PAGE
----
Beat the clock: Reid cites ‘tremendous progress’ in debt ceiling talks
WASHINGTON (CNN) — Will Tuesday be Senate Majority Leader Harry Reid’s “bright day”?
Reid said Monday night that talks with his Republican counterpart, Minority Leader Mitch McConnell, had made “tremendous progress” toward an agreement to end the partial government shutdown and raise the nation’s self-imposed borrowing limit, raising hopes among investors, world leaders and regular Americans that the shutdown stalemate was nearing an end.
“Perhaps tomorrow will be a bright day,” he said.
U.S. stock futures — often seen as an indicator of how markets will open — were up only slightly early Tuesday as investors largely waited out the politicians.
And the White House canceled a planned meeting with congressional leaders, likely a move to give Reid and McConnell room to negotiate.
But questions remained about what would happen to any Senate deal once it reaches the House of Representatives, which has repeatedly sent back shutdown-related bills passed by the Senate’s Democratic majority.
Mindful that the deadline to raise the amount the government allows itself to borrow is days away, House Republican leaders are considering all their options, said a GOP leadership aide, speaking on the condition of anonymity.
The negotiations are also being closely watched by other nations, which would also feel the impact should the United States run out of money to pay some of its bills.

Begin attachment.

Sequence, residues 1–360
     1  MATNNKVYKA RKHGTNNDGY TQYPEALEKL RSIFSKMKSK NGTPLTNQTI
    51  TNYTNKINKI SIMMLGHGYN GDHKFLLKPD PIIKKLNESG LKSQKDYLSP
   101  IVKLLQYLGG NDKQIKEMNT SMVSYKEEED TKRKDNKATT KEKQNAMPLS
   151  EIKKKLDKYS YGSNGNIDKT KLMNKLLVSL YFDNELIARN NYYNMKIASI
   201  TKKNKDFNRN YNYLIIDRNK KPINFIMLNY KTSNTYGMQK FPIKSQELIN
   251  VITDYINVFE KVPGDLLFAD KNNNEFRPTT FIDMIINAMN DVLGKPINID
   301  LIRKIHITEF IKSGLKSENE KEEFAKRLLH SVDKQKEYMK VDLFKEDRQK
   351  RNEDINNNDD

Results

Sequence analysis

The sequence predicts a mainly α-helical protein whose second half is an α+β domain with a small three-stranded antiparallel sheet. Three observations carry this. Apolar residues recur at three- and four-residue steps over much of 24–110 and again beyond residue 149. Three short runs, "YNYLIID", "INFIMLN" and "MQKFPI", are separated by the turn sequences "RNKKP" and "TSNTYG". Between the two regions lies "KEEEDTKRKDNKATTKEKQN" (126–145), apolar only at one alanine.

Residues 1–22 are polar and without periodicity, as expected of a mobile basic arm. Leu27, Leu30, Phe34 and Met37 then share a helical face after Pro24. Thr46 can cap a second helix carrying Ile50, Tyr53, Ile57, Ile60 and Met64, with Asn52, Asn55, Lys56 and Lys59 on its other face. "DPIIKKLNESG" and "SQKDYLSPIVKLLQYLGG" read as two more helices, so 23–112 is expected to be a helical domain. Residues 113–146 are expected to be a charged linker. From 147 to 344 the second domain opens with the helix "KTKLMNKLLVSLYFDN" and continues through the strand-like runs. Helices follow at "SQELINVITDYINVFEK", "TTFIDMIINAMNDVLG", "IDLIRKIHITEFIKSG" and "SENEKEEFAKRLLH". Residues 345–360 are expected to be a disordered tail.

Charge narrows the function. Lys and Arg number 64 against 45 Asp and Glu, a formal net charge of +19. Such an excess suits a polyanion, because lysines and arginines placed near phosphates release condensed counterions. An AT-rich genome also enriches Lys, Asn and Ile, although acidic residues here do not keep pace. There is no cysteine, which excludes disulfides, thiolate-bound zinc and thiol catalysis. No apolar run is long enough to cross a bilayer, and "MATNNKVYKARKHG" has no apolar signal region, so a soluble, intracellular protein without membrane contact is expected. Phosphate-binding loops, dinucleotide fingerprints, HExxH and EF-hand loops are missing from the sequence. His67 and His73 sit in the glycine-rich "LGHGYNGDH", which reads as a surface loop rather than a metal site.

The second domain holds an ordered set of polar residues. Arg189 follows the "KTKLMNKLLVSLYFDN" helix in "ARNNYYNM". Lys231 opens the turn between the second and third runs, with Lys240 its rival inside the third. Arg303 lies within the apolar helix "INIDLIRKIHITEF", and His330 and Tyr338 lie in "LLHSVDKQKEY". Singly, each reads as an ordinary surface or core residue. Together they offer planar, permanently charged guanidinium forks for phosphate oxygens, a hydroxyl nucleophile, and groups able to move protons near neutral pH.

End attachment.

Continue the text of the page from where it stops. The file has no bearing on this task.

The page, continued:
Jon Cunliffe, who will become the deputy governor of the Bank of England, told British lawmakers over the weekend that banks should begin planning for contingencies.
The ongoing shutdown — now in its 15th day — has proven costly. Hundreds of thousands of federal employees are either idling at home or not being paid for their work during the shutdown. Government offices, many parks and other facilities are closed. And officials warn tough choices are ahead about which bills to pay and which to let slide, should the shutdown and debt-ceiling debate drag on.
So far, the standoff has cost the economy about $20 billion in gross domestic product, CNN’s Christine Romans reported Tuesday on “New Day,” citing Mark Zandi of Moody’s Analytics. GDP is a measure of the goods and services produced by an economy.
During a visit Monday to a local food pantry, President Barack Obama warned of what he called continued partisan brinkmanship by House Republicans who “continue to think that somehow they can extract concessions by keeping the government shut down or by threatening default.”
“My hope is a spirit of cooperation will move us forward over the next few hours,” Obama said.
The finer points
Reid and McConnell have to reach a resolution on two critical issues: End the partial government shutdown that began October 1, and raise the debt ceiling so the U.S. can borrow more money to pay all the government’s bills.
Democrats want an increase in the debt ceiling to last for several months, to avoid similar showdowns in coming months.